The Crisis of Muslim Youth and a Call for a Meeting


By Umar Lee

I was contacted over the weekend by a very thoughtful sister concerned about the issues surrounding Muslims sisters as outlined in my blog who thought it would be a good idea to include some resources for helping sisters and has said she is working on compiling a list of Muslim organizations set-up to counter domestic violence and the like. This weekend I also was moved by the comments of sister Musleema referring to the number of Muslim youth from broken homes who are angry and teetering on the edge of disaster. These comments led me to begin to wonder about practical things we can do to help some of those in our community who are in a state of anger, disillusionment, frustration, and at the doors of apostasy. Of those who are in this group one of the largest would be our Muslim youth especially those whose parents were a part of “movements” that gave them false hopes of an Islamic Utopia that turned into nightmares for their children.

In crafting an effort to help the youth we must first recognize that many are wounded, may have conflicted or negative perceptions towards many aspects of Islam, may not have a great relationship with at least one of their parents, and have heard all of the corny one-liners and catch-phrases of those who do not recognize any problems and have an Islamic Utopian mentality before, namely their parents and those adults they grew-up with.

These young people are from a generation of Muslims in America who have either grown-up in Muslim schools, been home schooled by Muslim parents, have grown up in the masjid and went to public schools, or are the products of parents who made “hijrah”. They read Quran, have memorized a significant number of suras, possibly speak Arabic, have never celebrated a non-Muslim holiday, have never eaten pork, and have a fairly high level of knowledge and understanding of the deen.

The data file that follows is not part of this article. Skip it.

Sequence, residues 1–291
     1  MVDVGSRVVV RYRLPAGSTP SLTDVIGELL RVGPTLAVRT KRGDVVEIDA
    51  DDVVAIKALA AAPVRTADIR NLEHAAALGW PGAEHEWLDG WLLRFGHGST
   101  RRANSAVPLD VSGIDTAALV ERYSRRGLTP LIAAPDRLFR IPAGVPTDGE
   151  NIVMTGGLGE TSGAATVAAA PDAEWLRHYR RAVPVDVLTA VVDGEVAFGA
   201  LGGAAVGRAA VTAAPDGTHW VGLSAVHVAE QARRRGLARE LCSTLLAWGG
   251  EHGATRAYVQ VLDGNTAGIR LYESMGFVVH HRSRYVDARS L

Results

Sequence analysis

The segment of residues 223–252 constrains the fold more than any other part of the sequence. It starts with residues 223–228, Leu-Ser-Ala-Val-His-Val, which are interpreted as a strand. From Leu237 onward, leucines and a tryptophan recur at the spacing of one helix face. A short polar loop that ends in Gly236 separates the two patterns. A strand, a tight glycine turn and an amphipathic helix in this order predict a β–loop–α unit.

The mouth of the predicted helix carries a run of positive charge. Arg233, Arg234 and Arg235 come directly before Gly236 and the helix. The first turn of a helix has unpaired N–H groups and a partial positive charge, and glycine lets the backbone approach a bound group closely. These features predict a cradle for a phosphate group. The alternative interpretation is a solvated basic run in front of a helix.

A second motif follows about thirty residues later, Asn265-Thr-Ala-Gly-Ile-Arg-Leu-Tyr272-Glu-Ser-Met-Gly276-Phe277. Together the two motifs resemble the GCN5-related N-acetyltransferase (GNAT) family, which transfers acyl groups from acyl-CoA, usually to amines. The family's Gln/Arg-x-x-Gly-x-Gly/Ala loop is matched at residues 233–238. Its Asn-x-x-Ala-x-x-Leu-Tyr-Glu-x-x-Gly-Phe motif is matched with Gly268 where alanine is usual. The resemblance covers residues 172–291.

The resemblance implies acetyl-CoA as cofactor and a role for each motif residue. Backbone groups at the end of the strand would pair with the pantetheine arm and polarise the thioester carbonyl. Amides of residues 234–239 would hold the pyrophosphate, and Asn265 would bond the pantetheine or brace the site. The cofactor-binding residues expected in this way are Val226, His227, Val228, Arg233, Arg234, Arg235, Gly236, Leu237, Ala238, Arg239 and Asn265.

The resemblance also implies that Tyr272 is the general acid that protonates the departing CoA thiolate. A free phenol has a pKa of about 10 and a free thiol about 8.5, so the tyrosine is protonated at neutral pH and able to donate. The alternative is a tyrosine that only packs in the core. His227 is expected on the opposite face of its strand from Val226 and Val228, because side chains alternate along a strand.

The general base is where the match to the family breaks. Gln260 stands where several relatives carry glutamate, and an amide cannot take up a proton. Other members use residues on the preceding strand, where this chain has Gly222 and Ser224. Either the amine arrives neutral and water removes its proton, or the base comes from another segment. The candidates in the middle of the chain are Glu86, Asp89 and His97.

For the most part I am talking about the children of converts, but there are children of immigrant Muslims who fit into this category, but regardless of where their parents came from, they are all in the same boat now as many of them have grown up amongst one another and their identity is firmly that of Muslims.

The disillusionment and anger of many of these youth comes from the fact many of these children of movement Muslims, whether their parents be Salafis, Sufis, Tabliquis, or whatever, do not share the same idealism and fervor that their parents have. Rather, they see that they have moved all over the country (or world) and never been able to settle into a regular life for kids as their parents have sought the best Muslim community on the “Haqq”, have only known poverty while additional siblings were being added every year, if their parents have not been married and divorced multiple times they have many friends whose parents have, and they have seen no tangible benefits to being Muslim or shunning the dunya.

It is likely that these kids have non-Muslim relatives who attended the same schools throughout their academic career, have not moved around, are stable, and seem to be enjoying life while they feel as if they are captives of their family’s vision of Islam which forbids enjoying life.

Some of these kids come from two parent families; but we are going to have to face the reality that many of these kids have fathers who have no relationship with them and do not support them while they are out buying new thobes and the latest “must have” CD of Islamic lectures (or even giving the lectures). The other reality is that we have kids that have known 3, 5, and even 10 or 15 Muslim stepfathers in their lives and this colors their bitter vision of life as a Muslim. Having watched their mothers being treated poorly by the Muslim men in their life the girls can develop a negative attitude towards Muslim men and the boys see the hypocrisy in the talk and action at the masjid.